“In Konni, due to the incessant rainfall, there was severe landslides. My sister-in-law and her husband died when their house was washed away as a result of the landslide. The government had promised that the houses would be rebuilt. But, none of our houses have been rebuilt. We got compensation for their death and Rs 10,000 for the land that was destroyed. What can they do with that?,” laments Revathy, who stays in Eliyarackal near Konni.
Revathy had voted for the LDF candidate during the Assembly elections, for the UDF candidate during the Panchayat elections and now she is still deciding. “BJP unleashed far too much violence in the district during the Sabarimala protests. If women want to enter, let them enter, if they don’t, let them not, but these are not reasons for protests. None of us will vote for the BJP. If they come, we won’t be able to live,” emphasises Revathy.
Adding to this is the high number of non-resident Indians returning because of lack of employment, shortage of drinking water and issues facing the tribals living in the forests here.
The electoral authorities had warned against making the entry of women in Sabarimala a poll issue, but the parties are liberally using this. In fact, the UDF candidate’s booklet had it initially, but it was removed in the subsequent print run.
LDF has made development their plank as they are on a backfoot on Sabarimala issue in the region. They point towards the bridges and roads which their MLA Veena George helped built. But, the UDF camp says, the road in front of her house itself is because of UDF. “We can show more development than they can,” quips Shobi, who works with Anto Antony.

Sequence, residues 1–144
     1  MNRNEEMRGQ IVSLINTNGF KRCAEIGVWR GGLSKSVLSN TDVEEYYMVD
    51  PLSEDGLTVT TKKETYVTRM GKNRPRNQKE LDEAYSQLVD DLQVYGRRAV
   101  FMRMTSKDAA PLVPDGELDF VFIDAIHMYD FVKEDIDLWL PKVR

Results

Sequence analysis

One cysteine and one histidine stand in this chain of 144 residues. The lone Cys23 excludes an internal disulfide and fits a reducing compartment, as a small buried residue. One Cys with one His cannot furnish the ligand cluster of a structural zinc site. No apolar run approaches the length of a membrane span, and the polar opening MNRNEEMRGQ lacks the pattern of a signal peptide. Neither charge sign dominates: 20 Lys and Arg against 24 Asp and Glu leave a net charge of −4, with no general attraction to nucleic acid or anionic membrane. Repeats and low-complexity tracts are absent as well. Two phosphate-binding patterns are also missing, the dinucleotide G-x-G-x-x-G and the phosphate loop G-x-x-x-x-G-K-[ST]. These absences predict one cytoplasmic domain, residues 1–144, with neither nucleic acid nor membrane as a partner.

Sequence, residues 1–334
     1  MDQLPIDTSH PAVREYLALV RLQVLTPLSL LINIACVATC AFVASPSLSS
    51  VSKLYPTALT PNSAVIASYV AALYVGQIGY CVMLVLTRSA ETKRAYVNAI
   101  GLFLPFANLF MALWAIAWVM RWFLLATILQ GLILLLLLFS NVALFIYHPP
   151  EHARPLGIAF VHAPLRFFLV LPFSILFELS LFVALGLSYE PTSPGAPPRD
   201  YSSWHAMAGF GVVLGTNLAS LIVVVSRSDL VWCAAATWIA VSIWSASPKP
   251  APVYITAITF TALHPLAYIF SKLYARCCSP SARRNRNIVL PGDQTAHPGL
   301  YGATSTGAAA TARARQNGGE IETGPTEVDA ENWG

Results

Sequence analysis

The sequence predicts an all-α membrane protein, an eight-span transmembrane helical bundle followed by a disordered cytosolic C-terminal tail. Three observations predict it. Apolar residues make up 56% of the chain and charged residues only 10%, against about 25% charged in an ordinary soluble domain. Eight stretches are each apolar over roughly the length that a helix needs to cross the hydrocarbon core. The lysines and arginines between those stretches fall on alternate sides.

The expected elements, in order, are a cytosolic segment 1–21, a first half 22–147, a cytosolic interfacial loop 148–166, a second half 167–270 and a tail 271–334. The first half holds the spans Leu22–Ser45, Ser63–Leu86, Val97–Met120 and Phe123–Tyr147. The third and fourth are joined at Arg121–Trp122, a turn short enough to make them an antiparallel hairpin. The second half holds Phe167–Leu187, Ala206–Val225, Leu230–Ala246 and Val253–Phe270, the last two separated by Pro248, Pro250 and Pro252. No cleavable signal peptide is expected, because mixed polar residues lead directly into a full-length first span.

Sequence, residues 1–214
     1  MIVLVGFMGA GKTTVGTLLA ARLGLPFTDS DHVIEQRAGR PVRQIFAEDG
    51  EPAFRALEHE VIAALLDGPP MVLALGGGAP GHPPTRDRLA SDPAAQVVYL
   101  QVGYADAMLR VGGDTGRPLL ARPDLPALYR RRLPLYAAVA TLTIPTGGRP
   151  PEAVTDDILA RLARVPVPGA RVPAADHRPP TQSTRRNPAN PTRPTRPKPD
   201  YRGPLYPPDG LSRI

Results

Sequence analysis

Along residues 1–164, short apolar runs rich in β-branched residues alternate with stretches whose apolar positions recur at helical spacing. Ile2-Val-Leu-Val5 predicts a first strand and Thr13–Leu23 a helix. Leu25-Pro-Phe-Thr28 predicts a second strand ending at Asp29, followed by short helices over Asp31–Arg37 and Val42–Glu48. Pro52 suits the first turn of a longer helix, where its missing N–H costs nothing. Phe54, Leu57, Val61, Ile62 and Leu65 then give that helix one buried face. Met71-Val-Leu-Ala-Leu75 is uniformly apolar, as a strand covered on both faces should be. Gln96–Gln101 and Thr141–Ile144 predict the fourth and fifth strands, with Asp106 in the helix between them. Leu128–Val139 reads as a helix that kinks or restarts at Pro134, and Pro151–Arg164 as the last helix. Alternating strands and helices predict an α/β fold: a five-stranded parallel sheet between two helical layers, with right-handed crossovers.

Pathanamthitta constituency has 13.5 lakh voters, of which usually around 9.6 lakh vote, making it a 70.5% voter turnout. Of this 56% are Hindu voters, 38% Christians and 4.6% Muslims. Neither Christians nor Muslims are likely to vote for Surendran.
Anto Antony belongs to the Catholic community, while Veena George belongs to the Orthodox church. During the Assembly elections, the Orthodox church had showcased their full support with priests stepping out for campaigning, but this time around, their response has been muted. Some priests are out canvassing, but most are keeping away. However, the Jacobite faction has lent her support, but they are a minority in the constituency.
Of all the approximate five lakh Hindu voters, not all are likely to vote for the BJP. The Ezhavas are likely to go with the LDF. In all the seven mandals in the district, BJP had got only 1.5 lakh votes. In 2016, it increased to 1.9 lakh. Even if it increases to 2.5 lakh, it will not be enough to secure a victory for Surendran.